Father Rutilio Grande: the (future) patron saint of breaking mental health stigma?
Rutilio Grande, S.J., who will be beatified on Jan. 22, was a deeply committed priest with extraordinary pastoral gifts. This was apparent particularly in his efforts to empower the laity and bring the spirit of the Second Vatican Council—as well as the Latin American Bishops’ Conference in Medellín, Colombia—to life in impoverished El Salvador during the lead-up to that country’s civil war. Not content to impose solutions from above, Father Grande was committed to what Pope Francis would later call “the culture of encounter.” Because of his efforts to raise the consciousness of the poor and advocate for land reform, he and two parishioners were gunned down by a death squad in 1977 less than one month after Óscar Romero had been installed as archbishop of San Salvador. Father Grande’s assassination had a profound effect on Archbishop Romero, who spent the rest of his life speaking boldly and prophetically against oppression until, he, too, was killed by a death squad.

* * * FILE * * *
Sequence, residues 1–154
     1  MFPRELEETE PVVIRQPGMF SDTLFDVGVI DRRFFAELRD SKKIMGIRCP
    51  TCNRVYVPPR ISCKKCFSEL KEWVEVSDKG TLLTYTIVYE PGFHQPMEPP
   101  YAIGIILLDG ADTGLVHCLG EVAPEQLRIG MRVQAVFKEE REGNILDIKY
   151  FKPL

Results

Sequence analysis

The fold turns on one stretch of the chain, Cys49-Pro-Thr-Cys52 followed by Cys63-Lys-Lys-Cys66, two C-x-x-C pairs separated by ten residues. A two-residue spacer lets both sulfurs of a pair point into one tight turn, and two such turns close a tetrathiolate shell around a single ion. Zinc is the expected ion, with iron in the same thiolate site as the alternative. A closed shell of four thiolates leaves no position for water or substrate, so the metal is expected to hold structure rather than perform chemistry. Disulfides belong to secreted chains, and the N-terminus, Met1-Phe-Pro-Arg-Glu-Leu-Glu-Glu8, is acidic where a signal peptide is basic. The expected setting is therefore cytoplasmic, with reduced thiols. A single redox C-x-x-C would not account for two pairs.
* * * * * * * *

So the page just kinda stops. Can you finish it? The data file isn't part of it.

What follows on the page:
Father Grande’s work was possible because of the care and treatment he received for his mental health issues. Though a less known part of his biography, this is highly relevant in an age when so many struggle with their mental health. According to the National Alliance on Mental Illness, one in five Americans suffers from a mental illness in any given year. Despite the vast scope of this crisis, which has been exacerbated by the Covid-19 pandemic, there is significant stigma around mental health care, particularly in the church.
Rutilio Grande is just the intercessor we need as we seek to bridge the gap between the beautiful theory of church teaching on mental health care and its actual practice.
Our last three popes have spoken frequently about the dignity of those struggling with mental health issues including depression and addiction, and Pope Francis has spoken positively about his own experience seeing a psychoanalyst. But that attitude of compassionate care has been slow to trickle down into the average parish, where there can still be a temptation to dismiss or over-spiritualize mental health issues in ways that implicitly or explicitly discourage medical care. Rutilio Grande is just the intercessor we need as we seek to bridge the gap between the beautiful theory of church teaching on mental health care and its actual practice.